Halloween can be a frightful time of year for children with asthma and allergies. Candy and other treats are among the usual suspects, but costumes and makeup can also bring on allergy and asthma symptoms.

So be smart and consider these important tips from the American College of Allergy, Asthma, and Immunology and the Food and Drug Administration about how to help your little ghost or goblin stay wheeze- and sneeze-free on Halloween.

Treats

Eggs, milk, peanuts, and tree nuts are common ingredients in chocolate and other confections. For kids with food allergies, eating those Halloween treats can bring on anaphylaxis, a life-threatening reaction. Candies containing gelatin, such as gummy bears, are potential triggers, too. For children prone to food allergies, it's a good idea to have some noncandy treats on hand, like stickers or small toys. Also be wary of "fun sized" candy, which can contain different ingredients from regular-sized candy, and teach your child to politely say no to food that may not be safe. Verify that adults or friends accompanying your child understand his or her food allergies and know what to do in an emergency.

Costumes

Halloween costumes packed away in a box for months can be laden with dust mites, which could trigger an allergic or asthmatic response. Be sure to wash any dusty or hand-me-down costumes in hot water. Also watch out for nickel in costume accessories such as cowboy belts, magic wands, pirate swords, and tiaras. Nickel can cause allergic contact dermatitis, making for an itchy, bumpy, uncomfortable kid.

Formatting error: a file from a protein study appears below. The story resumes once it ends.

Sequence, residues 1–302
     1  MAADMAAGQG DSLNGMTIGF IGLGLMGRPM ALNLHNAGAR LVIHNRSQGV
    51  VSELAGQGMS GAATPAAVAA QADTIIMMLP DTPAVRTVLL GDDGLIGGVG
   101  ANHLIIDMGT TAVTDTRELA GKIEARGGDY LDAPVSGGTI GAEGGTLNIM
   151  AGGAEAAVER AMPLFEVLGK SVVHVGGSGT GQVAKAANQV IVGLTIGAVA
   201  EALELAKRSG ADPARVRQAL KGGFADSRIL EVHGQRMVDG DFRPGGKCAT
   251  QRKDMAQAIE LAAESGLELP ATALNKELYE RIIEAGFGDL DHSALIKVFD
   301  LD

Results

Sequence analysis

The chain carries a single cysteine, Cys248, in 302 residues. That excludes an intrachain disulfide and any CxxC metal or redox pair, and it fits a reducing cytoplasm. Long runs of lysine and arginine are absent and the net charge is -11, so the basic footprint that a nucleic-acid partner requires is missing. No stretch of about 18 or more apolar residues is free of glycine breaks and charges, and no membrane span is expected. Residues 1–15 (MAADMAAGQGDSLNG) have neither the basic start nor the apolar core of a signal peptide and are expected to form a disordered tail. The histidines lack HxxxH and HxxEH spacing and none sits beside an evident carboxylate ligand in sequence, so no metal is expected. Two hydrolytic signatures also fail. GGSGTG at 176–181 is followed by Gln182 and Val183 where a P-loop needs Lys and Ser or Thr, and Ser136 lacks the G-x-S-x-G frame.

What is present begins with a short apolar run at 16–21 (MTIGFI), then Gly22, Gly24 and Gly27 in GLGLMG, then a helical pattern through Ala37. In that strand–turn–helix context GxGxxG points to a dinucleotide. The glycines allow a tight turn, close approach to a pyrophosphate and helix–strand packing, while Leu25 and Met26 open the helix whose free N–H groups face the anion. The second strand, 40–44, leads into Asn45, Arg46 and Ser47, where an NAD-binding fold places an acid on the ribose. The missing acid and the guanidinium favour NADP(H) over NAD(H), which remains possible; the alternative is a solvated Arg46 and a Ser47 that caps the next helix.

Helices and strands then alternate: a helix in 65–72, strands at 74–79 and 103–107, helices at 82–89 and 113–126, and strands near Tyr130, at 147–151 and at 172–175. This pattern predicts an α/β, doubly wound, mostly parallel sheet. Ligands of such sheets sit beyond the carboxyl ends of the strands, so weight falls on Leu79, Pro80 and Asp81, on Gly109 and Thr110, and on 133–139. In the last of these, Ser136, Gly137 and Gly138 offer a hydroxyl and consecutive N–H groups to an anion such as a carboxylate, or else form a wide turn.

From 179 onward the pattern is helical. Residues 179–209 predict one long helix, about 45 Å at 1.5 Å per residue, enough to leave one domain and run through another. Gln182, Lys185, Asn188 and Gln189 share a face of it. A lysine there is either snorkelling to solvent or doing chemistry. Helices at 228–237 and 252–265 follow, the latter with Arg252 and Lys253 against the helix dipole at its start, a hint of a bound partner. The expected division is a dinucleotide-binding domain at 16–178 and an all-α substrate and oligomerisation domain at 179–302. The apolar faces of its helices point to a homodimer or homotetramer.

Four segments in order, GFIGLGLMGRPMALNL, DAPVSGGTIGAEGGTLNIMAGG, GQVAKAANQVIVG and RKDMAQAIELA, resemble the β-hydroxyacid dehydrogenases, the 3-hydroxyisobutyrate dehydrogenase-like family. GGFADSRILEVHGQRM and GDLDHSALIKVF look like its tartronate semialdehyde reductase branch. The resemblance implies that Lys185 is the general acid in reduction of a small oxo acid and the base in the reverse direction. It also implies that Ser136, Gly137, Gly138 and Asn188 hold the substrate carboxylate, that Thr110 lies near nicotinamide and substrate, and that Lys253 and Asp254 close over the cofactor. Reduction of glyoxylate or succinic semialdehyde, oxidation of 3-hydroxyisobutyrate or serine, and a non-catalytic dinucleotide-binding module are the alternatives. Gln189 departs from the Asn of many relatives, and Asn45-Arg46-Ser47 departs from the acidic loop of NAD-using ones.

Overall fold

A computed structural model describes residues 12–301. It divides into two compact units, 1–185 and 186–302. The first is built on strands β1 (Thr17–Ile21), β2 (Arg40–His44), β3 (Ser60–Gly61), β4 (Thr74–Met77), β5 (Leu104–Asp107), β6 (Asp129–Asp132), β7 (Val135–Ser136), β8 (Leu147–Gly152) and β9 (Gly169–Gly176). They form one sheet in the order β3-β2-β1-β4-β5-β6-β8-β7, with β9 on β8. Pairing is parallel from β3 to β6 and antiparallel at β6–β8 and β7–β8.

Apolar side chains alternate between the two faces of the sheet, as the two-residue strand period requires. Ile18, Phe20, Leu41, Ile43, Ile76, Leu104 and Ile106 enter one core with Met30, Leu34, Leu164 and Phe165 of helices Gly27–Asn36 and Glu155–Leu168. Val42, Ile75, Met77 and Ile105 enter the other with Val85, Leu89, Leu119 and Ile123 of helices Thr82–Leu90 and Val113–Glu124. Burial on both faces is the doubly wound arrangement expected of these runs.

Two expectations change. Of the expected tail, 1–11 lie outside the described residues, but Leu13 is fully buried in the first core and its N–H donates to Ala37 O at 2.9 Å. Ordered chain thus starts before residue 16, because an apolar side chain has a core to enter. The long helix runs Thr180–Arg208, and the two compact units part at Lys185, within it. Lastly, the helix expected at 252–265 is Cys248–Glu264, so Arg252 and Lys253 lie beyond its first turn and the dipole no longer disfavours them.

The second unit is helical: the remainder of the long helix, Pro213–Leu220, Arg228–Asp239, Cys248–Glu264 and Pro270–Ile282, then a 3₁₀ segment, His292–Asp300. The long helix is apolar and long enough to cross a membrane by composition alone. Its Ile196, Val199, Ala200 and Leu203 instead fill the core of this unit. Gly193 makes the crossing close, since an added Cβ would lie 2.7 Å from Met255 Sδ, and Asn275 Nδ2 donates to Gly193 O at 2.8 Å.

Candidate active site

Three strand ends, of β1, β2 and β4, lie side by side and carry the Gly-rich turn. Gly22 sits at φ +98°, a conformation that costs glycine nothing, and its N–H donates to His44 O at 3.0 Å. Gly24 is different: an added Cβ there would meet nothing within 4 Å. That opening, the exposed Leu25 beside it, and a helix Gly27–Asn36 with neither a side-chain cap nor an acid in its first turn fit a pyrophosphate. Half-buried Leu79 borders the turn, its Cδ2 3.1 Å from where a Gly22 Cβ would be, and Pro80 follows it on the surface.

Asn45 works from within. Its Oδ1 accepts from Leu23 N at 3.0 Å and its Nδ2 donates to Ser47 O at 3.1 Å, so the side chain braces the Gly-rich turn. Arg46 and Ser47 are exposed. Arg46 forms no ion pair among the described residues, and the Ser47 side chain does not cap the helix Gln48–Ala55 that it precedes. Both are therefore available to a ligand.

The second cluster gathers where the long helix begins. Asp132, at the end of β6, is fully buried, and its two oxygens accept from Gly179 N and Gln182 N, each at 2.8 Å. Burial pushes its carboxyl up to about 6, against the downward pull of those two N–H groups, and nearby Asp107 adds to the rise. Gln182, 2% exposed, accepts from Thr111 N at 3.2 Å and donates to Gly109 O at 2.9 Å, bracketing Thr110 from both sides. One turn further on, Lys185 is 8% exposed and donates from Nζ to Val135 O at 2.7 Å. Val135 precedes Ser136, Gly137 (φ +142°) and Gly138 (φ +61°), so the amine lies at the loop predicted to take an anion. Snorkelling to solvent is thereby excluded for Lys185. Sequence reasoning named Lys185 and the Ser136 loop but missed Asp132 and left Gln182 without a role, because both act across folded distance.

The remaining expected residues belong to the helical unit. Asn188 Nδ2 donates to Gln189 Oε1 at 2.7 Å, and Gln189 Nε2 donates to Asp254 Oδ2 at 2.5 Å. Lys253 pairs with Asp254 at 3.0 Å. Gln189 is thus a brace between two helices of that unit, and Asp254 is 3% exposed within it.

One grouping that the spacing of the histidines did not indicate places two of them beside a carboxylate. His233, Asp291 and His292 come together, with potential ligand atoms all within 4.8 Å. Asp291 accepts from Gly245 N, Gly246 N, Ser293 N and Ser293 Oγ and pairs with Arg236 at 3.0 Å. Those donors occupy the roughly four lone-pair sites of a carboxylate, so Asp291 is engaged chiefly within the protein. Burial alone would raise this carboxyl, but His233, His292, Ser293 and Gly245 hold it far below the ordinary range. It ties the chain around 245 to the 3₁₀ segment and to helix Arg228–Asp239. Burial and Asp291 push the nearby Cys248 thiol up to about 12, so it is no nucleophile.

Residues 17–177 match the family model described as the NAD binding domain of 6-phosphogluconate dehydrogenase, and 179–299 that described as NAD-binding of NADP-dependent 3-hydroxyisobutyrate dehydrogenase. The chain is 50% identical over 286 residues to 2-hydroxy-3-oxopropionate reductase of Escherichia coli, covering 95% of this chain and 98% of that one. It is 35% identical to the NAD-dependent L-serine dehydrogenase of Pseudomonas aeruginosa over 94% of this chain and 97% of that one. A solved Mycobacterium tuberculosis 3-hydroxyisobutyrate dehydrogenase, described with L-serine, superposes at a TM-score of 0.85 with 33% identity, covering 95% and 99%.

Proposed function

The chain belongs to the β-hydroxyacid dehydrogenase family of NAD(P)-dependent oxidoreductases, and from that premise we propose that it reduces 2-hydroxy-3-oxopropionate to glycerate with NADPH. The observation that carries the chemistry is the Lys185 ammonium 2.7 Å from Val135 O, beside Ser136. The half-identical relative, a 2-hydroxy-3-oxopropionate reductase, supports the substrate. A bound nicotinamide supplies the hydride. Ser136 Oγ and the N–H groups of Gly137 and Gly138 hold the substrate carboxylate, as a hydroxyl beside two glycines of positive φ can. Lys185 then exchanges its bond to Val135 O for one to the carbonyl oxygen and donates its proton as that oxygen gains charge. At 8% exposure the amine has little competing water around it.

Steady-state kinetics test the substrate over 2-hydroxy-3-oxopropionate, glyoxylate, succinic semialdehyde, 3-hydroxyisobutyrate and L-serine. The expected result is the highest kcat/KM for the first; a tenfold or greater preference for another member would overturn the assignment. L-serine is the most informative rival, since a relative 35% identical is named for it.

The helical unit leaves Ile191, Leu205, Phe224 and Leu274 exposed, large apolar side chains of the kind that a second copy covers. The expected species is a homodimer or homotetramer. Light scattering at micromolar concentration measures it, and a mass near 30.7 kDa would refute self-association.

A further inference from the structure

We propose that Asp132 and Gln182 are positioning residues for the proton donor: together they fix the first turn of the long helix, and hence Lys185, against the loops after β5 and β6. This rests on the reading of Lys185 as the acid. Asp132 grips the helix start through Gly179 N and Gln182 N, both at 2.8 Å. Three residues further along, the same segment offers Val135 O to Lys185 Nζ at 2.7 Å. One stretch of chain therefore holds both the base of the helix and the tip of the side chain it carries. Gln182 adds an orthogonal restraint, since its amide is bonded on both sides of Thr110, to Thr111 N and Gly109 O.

Makeup

Cheap Halloween makeup may include preservatives that can cause allergic reactions, such as a rash or swelling. Opt for higher-quality theater makeup, and test it on a small area of your child's skin well before Halloween.

Pumpkins

Pumpkin allergies, while rare, can cause itching, chest tightness, and other symptoms, and can appear suddenly, even if there has never been a problem before. Also keep in mind that pumpkin patches are often moldy and dusty, and are thus an allergy and asthma trigger for some.

Decorative Contact Lenses

If your young one is asking for colorful, vampire-inspired contact lenses, consider the warning from the Food and Drug Administration before saying yes. Never buy the lenses from places that sell them without a prescription, such as street vendors, salons, novelty stores, and the internet. An eye doctor should measure each eye to properly fit the lenses and evaluate how the eye responds to contact lenswear. A poor fit can cause serious eye damage, including cornea scratches and infection, conjunctivitis (pinkeye), decreased vision, and even blindness. 

Fog

If you're planning to use a fog machine at your Halloween party, keep in mind that fog can trigger asthma in some people.